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Peugeot & Citroën lead the way in low emission vehicles

PSA Peugeot Citroën say that they were again the leaders in low emissions vehicles in 2006, with European sales of nearly a million vehicles with emissions of less than 140g CO2/km. Of these, more than 450,000 units emit less than 120g CO2/km – 38% of this segment in Europe – and 200,000 emit less than 110g CO2/km.

In France, the Environment and Energy Management Agency (ADEME) has placed PSA Peugeot Citroën top of its rankings for low average fleet CO2 emissions for the second year running. Across all new car sales in France, average CO2 emissions were just 140g/km in 2006.

PSA Peugeot Citroën has traditionally been very good at delivering cars with low CO2 emissions. Recently new engines have helped with this, particularly the modern HDi common-rail technologies across the Peugeot and Citroën model ranges, which has achieved a 20% reduction in CO2 emissions compared with the previous generation of engines. More than nine million vehicles equipped with HDi common-rail engines have been sold to date.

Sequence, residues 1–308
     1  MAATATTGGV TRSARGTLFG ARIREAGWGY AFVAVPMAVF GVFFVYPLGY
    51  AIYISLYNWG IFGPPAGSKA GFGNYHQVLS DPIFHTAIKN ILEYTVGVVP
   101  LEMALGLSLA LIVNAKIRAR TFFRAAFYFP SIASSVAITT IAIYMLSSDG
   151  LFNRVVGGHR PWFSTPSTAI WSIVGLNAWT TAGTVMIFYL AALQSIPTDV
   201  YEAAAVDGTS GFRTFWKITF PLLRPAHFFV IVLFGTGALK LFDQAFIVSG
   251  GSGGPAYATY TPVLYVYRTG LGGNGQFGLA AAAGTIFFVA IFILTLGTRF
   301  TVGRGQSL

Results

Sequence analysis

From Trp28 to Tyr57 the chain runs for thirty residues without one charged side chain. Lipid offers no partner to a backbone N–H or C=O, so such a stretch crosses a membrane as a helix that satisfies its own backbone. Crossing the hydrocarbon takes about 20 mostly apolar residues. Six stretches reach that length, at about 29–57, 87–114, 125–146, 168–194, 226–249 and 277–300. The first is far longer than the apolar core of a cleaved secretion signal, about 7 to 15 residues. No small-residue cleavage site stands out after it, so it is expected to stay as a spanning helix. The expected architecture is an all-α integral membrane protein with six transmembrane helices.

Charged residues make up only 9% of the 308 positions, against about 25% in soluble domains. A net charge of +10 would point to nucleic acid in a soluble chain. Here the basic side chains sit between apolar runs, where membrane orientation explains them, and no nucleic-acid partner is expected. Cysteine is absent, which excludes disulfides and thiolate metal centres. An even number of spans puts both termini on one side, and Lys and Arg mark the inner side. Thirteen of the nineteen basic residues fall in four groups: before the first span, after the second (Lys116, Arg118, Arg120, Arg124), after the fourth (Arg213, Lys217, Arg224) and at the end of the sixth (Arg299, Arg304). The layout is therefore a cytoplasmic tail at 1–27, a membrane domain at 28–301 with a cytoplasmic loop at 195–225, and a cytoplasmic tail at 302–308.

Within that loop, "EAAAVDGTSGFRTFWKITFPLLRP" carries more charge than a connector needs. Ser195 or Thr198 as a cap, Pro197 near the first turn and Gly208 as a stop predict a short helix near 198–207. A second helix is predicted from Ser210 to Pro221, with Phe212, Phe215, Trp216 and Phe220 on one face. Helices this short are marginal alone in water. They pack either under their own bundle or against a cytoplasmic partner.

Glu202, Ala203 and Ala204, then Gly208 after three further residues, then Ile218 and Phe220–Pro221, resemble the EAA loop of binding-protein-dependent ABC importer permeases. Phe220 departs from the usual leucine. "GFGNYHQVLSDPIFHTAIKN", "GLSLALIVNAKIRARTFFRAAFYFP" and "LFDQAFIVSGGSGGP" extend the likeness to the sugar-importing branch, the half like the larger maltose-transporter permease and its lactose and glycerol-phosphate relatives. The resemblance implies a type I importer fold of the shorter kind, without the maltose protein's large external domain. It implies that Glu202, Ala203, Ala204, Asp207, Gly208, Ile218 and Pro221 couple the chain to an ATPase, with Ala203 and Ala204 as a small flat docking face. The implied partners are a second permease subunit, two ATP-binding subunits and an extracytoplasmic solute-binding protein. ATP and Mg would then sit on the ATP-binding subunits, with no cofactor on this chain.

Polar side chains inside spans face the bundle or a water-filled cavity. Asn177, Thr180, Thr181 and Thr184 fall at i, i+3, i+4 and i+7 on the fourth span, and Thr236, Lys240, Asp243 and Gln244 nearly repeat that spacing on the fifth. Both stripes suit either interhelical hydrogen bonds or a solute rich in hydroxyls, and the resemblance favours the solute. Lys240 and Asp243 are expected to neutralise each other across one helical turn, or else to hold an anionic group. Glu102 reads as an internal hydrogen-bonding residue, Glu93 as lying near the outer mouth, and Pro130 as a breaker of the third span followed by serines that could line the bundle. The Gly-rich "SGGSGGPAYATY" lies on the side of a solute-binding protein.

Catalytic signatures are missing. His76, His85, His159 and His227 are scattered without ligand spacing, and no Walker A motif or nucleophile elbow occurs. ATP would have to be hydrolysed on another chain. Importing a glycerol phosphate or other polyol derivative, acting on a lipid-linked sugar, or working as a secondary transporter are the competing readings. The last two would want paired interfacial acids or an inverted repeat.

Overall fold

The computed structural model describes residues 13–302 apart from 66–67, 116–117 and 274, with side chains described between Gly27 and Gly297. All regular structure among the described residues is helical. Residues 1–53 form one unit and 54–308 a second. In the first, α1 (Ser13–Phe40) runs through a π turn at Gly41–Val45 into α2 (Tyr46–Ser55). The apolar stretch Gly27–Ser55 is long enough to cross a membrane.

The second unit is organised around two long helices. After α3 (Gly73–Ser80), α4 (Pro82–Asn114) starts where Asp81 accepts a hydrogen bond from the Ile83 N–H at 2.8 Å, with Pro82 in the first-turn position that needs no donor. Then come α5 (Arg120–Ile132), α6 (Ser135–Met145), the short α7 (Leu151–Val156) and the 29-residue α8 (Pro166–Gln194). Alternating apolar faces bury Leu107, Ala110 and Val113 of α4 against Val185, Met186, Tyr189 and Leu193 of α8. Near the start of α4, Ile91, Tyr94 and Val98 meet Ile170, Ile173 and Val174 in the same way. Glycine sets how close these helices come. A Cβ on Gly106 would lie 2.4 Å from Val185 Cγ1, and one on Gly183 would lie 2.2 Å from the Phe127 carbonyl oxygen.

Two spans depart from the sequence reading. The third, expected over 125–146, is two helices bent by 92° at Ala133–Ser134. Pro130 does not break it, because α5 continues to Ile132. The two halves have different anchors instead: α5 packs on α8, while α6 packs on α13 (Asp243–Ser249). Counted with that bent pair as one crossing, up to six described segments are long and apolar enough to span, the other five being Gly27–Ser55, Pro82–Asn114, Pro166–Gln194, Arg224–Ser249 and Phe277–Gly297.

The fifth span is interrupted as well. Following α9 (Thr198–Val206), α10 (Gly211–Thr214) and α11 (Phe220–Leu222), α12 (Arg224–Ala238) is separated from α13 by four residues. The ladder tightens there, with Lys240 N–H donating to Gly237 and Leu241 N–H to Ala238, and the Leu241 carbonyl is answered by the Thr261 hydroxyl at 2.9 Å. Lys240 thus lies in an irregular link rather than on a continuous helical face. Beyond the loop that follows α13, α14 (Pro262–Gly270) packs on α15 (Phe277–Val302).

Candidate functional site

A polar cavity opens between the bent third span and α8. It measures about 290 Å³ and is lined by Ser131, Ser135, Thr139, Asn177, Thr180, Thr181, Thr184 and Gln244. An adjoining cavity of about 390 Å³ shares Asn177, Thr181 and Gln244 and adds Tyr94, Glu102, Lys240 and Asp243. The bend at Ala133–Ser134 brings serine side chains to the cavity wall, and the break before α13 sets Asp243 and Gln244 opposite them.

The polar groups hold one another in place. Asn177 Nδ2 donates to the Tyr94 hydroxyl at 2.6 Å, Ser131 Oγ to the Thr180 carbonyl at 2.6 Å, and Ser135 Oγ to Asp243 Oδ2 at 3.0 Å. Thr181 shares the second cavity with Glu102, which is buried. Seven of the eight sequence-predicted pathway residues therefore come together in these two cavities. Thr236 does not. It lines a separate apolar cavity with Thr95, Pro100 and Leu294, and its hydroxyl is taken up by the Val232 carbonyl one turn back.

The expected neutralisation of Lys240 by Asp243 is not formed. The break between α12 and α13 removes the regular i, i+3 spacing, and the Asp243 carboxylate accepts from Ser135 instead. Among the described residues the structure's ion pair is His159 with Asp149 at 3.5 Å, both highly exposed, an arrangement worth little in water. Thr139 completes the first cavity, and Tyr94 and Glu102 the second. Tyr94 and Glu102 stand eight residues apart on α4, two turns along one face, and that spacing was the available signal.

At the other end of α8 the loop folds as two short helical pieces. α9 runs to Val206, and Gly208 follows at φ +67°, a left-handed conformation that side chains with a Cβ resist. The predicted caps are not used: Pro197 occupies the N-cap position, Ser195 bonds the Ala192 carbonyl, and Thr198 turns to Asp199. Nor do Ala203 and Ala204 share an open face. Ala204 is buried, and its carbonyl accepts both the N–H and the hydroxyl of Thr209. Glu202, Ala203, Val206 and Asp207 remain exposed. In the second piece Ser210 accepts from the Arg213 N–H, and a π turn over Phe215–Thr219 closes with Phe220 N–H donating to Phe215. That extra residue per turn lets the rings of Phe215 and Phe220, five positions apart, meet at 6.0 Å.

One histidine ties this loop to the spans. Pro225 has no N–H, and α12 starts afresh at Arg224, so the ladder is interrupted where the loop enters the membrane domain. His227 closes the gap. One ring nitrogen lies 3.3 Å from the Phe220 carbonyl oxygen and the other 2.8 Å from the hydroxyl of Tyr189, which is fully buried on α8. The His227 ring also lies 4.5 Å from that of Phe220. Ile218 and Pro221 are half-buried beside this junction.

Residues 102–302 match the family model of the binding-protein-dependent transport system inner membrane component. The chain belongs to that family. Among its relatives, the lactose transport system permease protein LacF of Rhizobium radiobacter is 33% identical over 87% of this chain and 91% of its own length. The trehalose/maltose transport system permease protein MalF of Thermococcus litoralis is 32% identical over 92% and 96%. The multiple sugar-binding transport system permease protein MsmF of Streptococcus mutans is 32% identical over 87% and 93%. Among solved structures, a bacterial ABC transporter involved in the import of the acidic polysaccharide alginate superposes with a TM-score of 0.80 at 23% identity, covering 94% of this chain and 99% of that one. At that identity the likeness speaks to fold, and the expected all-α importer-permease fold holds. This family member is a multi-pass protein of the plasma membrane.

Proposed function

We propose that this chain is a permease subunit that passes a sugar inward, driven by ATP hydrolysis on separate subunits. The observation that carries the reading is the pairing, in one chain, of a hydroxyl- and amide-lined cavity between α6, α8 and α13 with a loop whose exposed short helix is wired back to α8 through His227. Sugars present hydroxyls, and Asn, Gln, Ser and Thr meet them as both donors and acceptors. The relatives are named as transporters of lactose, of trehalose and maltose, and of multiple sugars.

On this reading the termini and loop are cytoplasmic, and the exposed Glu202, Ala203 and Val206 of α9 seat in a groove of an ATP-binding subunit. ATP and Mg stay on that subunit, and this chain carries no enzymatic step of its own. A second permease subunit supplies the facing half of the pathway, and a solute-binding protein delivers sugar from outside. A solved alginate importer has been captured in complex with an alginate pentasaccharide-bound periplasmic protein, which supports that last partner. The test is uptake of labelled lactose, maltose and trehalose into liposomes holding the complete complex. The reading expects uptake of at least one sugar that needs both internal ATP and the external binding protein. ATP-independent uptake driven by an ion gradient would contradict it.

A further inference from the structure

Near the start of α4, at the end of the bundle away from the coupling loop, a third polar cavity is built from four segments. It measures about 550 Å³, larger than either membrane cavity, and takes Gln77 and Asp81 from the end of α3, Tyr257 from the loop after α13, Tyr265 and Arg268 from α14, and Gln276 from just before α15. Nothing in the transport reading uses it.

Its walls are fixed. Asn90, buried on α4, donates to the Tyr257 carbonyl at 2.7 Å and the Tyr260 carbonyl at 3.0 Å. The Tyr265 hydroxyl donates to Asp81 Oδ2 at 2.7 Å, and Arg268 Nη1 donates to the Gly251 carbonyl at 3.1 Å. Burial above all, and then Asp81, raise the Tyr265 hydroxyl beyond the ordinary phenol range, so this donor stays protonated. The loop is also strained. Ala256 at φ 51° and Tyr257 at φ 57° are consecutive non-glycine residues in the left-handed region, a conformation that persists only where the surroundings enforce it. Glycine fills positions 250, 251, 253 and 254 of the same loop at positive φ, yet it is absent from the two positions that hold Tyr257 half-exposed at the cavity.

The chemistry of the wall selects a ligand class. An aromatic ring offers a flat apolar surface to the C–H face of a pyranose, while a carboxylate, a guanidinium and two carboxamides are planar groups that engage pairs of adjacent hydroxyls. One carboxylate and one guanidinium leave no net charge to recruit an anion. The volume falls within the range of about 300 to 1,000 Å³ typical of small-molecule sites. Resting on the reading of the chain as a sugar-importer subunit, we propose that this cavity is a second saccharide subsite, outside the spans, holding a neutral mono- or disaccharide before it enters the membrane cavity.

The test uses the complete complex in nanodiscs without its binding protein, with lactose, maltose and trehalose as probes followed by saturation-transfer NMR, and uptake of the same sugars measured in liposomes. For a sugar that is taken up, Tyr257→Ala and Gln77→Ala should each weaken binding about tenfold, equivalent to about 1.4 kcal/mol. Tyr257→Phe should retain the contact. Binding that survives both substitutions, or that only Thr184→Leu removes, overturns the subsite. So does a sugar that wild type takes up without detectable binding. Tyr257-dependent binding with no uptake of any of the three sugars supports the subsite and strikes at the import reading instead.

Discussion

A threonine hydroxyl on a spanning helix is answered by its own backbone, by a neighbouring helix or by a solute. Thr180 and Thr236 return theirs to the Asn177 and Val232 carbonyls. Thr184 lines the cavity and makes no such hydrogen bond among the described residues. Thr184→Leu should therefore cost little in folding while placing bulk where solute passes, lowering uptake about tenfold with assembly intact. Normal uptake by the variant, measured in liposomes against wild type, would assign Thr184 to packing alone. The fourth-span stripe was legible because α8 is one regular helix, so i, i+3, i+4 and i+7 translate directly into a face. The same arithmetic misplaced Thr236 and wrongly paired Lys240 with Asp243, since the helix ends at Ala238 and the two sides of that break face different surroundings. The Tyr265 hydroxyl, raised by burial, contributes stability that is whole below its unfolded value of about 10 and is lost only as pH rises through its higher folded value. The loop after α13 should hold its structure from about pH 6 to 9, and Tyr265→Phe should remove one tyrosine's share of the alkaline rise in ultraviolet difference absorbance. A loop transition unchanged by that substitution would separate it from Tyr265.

For petrol engines, the joint development with BMW Group, which has produced the new family of small advanced 1.6-litre engines with variable valve control or turbo direct injection, has led to a further 10% reduction in CO2 emissions compared to the engines they replace. These engines are already available on the Peugeot 207.

Other technologies, such as the Stop & Start system introduced on the Citroën C2 and C3, can cut CO2 emissions by 8 to 15% in city driving.

PSA Peugeot Citroën is pursuing other research projects to reduce CO2 emissions, especially through the Hybrid HDi programme. The Peugeot 307 and Citroën C4 Hybrid HDi demonstrators have set radical new performance standards with fuel consumption of 3.4 litre/100 km and CO2 emissions of 90 g/km. This diesel hybrid technology, albeit with a larger engine, may be available on the Citroën C-Crosser SUV as early as next year.